If you suffered injuries in a car accident due to a negligent driver, you could be entitled to recover compensation from the at-fault party. However, you will need to be able to prove liability to bring a successful claim.
The North Carolina attorneys at Poisson, Poisson, & Bower, PLLC have the knowledge and resources to help you determine fault and pursue the settlement you deserve. Contact us today for a free consultation.
Is North Carolina a No-Fault State for Auto Accidents?
North Carolina is not a no-fault state. In a no-fault state, individuals who have been injured in a car accident are required to turn to their own personal injury protection (PIP) insurance policies or Med-Pay insurance (depending on the state) for coverage, regardless of who was at fault, unless they are severely injured.
North Carolina is a fault state for auto accidents. If you are injured in a car accident caused by someone else’s negligence, you could pursue compensation for your medical bills, lost wages, pain and suffering, repairs to your vehicle, and more.
Who Determines Fault in a Car Accident?
After a car accident, police will usually secure the scene and draft a collision report. The report will typically contain the officer’s determination of fault.
However, it’s not ultimately up to the police to determine who is liable for the accident. Instead, the courts have final say on liability.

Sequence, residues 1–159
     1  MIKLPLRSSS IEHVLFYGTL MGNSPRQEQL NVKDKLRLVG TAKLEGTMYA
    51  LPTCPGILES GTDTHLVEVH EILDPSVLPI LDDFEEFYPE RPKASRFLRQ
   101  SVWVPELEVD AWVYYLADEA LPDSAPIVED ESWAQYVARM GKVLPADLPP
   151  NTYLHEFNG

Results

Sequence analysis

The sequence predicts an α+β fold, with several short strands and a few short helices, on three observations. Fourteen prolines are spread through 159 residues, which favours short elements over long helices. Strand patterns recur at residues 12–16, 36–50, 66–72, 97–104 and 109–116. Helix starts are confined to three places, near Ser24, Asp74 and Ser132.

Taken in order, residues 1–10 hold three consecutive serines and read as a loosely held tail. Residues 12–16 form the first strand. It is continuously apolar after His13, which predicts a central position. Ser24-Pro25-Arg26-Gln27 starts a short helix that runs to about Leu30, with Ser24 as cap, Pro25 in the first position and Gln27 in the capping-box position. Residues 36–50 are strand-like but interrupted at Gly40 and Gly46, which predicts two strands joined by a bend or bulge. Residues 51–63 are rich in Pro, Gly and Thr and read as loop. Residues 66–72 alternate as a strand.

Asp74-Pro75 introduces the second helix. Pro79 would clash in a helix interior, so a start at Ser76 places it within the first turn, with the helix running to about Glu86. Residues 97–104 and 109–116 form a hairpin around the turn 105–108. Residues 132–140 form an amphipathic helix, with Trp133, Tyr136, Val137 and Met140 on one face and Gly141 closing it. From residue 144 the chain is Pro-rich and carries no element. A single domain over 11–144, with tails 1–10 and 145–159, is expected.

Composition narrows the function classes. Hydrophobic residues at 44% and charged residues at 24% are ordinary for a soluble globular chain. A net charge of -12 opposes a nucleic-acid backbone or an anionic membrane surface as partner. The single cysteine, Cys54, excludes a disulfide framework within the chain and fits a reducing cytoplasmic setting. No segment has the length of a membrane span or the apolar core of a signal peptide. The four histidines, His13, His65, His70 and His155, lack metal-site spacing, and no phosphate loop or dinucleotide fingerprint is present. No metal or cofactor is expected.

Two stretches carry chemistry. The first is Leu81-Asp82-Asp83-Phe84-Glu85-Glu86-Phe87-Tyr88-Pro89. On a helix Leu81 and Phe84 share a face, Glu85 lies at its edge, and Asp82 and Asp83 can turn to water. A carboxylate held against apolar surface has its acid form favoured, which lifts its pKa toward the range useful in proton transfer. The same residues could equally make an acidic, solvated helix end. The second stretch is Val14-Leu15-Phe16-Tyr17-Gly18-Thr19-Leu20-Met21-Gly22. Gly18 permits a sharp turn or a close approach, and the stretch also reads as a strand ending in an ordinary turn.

When you file a claim with the at-fault party’s insurance company, the insurer will conduct their own investigation. From there, they will examine the facts of your case to determine who they believe caused the accident.
The insurance company’s overall goal is to save money. So, they may use their investigation to poke holes in your version of events. That’s why you should hire an experienced car accident attorney to represent you. Your attorney can conduct an independent investigation and gather evidence to present to the insurance company.
If the insurance company tries to avoid liability, you and your attorney may need to take your case to court. At trial, your attorney will present your case before a judge or jury, and they would be responsible for determining fault.
What Role Does Fault Play in Car Accident a Lawsuit?
The success of a car accident case hinges on whether you can prove that the other party was at fault for the crash. You must be able to prove that the person who hit you was negligent in some way that caused the crash and your injuries. For example, if the other motorist was texting when they hit you, that would likely be considered negligence.
Common Types of Evidence Indicating Fault for an Accident
To prove that the other driver is liable for the crash, your attorney might seek out evidence such as:
- Information from the police report
- Cell phone records
- Witness testimony
- Driver testimony
- Traffic camera footage
- Private surveillance camera recordings
- Photo and video evidence from the scene
Gathering this evidence can be difficult without the help of an experienced attorney who knows what to look for. Your lawyer will work quickly to secure crucial evidence before it is cleaned up, lost, or destroyed.
What Is Contributory Negligence?
North Carolina is a pure contributory negligence state. That means that if you were involved in an accident, and a court determines that you were even 1% at fault for the accident, you won’t be able to recover any compensation. North Carolina’s contributory negligence statute is one of the strictest in the country. It only increases the importance of consulting with an attorney to help you prove liability.
Contact a Car Accident Lawyer Today
The knowledgeable and skilled car accident attorneys at Poisson, Poisson, & Bower, PLLC, are prepared to pursue fair compensation from the at-fault party while you focus on your recovery. Contact us today to discuss your case and review your legal options in a free consultation.